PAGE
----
COLUMBUS, Ohio (WCMH) — Unlike other members of his party, Ohio Republican Senator Rob Portman says the January 6th committee is proving what he believed all along — Donald Trump lost the 2020 presidential election.

“I called it an attack on democracy,” Sen. Portman said. “I said early on that the election was over that there was not fraud.”

Portman says he chaired a senate investigation into the January 6th insurrection that revealed many of the same things shared thus far by the committee. But those hearing have revealed a few new details from witnesses who never before spoke publicly about what Trump knew and when he knew it.

“I’m not surprised by it but I do think that information being out there is important,” Portman said. “I think transparency is a good thing.”

The January 6th committee is scheduled for one final hearing next week with testimony expected from former White House counsel Pat Cippiloni and new information about Trump’s attempted call to a White House support staff member who was in talks with the January 6th panel about possible testimony. The call from Trump will be discussed as possible witness tampering.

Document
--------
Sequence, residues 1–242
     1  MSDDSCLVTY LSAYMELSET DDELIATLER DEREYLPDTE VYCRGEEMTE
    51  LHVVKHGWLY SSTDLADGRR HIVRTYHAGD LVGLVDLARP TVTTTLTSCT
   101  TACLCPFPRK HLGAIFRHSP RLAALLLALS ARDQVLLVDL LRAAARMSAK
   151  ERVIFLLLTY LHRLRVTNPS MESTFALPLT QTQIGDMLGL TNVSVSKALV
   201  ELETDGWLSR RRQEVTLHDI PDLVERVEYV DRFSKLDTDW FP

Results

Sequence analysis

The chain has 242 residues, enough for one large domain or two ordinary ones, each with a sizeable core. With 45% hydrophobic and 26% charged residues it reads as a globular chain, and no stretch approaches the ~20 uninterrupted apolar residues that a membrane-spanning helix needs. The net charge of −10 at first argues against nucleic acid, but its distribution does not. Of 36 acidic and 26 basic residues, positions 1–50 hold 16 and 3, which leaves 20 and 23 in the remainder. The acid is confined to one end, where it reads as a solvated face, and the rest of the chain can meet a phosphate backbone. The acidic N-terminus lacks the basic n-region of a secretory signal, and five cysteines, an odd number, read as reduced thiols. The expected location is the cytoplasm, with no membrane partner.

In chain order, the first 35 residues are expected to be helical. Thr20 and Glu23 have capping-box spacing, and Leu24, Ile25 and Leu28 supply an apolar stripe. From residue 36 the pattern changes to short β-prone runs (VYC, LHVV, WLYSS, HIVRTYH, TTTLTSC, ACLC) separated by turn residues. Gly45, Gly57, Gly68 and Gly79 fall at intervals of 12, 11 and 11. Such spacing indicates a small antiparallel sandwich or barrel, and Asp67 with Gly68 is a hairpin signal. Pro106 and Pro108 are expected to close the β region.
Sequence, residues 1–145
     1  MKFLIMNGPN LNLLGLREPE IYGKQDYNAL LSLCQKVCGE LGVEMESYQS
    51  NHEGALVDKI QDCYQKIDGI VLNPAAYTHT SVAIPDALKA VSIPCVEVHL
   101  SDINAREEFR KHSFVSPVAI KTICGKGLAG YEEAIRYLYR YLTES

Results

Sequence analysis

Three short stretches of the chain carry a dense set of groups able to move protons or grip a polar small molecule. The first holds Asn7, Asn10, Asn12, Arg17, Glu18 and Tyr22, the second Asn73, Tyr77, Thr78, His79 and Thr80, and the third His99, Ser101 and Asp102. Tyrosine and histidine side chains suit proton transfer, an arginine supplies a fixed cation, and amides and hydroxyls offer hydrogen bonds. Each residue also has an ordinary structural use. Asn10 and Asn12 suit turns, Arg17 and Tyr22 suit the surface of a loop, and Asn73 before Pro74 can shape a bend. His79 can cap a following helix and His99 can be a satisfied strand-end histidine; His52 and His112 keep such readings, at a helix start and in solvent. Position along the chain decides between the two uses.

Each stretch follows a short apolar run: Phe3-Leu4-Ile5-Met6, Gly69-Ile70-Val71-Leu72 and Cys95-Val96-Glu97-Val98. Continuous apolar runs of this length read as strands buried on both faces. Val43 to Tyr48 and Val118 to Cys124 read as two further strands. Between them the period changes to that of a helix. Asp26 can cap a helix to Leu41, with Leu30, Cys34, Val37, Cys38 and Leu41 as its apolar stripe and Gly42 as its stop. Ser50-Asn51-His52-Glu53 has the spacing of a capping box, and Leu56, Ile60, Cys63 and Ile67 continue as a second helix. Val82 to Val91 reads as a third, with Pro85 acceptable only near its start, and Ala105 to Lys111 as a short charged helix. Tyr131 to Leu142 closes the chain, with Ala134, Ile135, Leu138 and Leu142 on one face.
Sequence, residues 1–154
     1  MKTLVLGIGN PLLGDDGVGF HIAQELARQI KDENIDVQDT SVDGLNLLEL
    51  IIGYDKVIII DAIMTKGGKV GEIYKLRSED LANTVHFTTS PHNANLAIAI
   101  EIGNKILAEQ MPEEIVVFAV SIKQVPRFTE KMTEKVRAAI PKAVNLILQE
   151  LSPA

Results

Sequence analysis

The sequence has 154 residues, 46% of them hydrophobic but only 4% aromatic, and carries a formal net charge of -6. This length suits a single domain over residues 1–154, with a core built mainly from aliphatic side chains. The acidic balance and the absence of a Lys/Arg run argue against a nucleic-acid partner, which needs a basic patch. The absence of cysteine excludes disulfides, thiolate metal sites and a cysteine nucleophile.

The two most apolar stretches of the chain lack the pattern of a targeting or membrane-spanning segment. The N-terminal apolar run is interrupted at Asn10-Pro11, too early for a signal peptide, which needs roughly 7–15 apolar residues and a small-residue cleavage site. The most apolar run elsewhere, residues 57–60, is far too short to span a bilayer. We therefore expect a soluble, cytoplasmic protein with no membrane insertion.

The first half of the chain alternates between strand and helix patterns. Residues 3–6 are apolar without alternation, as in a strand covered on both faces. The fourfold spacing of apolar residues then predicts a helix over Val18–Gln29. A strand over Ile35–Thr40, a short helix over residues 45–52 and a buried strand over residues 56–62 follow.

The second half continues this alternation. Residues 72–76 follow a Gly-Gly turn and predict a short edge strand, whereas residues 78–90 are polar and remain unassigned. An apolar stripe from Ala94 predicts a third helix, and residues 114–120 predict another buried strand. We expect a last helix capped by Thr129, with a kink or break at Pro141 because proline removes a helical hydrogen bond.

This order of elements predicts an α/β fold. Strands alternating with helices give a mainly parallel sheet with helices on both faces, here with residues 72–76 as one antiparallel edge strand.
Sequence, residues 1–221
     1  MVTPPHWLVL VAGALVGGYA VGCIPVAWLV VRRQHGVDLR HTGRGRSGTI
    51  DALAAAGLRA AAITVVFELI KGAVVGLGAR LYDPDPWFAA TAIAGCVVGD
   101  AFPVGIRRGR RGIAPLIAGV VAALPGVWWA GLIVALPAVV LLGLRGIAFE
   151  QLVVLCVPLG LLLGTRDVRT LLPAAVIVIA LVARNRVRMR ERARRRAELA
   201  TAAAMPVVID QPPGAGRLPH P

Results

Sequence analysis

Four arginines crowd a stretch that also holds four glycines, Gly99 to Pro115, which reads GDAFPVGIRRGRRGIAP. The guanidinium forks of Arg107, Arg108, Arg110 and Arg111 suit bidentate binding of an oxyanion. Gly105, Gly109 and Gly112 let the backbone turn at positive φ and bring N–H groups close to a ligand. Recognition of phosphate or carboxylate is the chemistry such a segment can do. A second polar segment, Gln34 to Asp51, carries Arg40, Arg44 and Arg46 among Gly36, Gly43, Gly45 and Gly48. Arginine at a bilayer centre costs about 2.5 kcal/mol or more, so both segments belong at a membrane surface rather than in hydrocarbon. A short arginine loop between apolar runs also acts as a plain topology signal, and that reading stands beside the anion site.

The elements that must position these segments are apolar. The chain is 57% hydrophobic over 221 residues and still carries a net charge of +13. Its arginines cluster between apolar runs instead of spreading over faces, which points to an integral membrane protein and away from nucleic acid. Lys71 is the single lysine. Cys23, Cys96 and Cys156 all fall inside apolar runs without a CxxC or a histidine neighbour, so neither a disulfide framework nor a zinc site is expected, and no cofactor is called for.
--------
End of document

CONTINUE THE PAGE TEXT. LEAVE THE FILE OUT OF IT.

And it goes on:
But while the committee gets ready to wrap up its examination of the January 6th uprising, Portman is beginning a legislative battle for what will be called the Electoral Count Act to make sure this never happens again.

“You will see probably a proposal, a bipartisan proposal, on that in the next few days even that basically says the vice president should not have a role in being able to overturn an election,” Portman said. “In this case, Vice President Pence chose not to, but there is a lot of legal ambiguity here in what the vice president’s role is.”

Portman says the role of the vice president in confirming the votes in a presidential election should merely be ministerial.

“It shouldn’t be taking the votes from a state like Ohio that have been certified and changing them,” he said. “That’s not the role of the vice president.”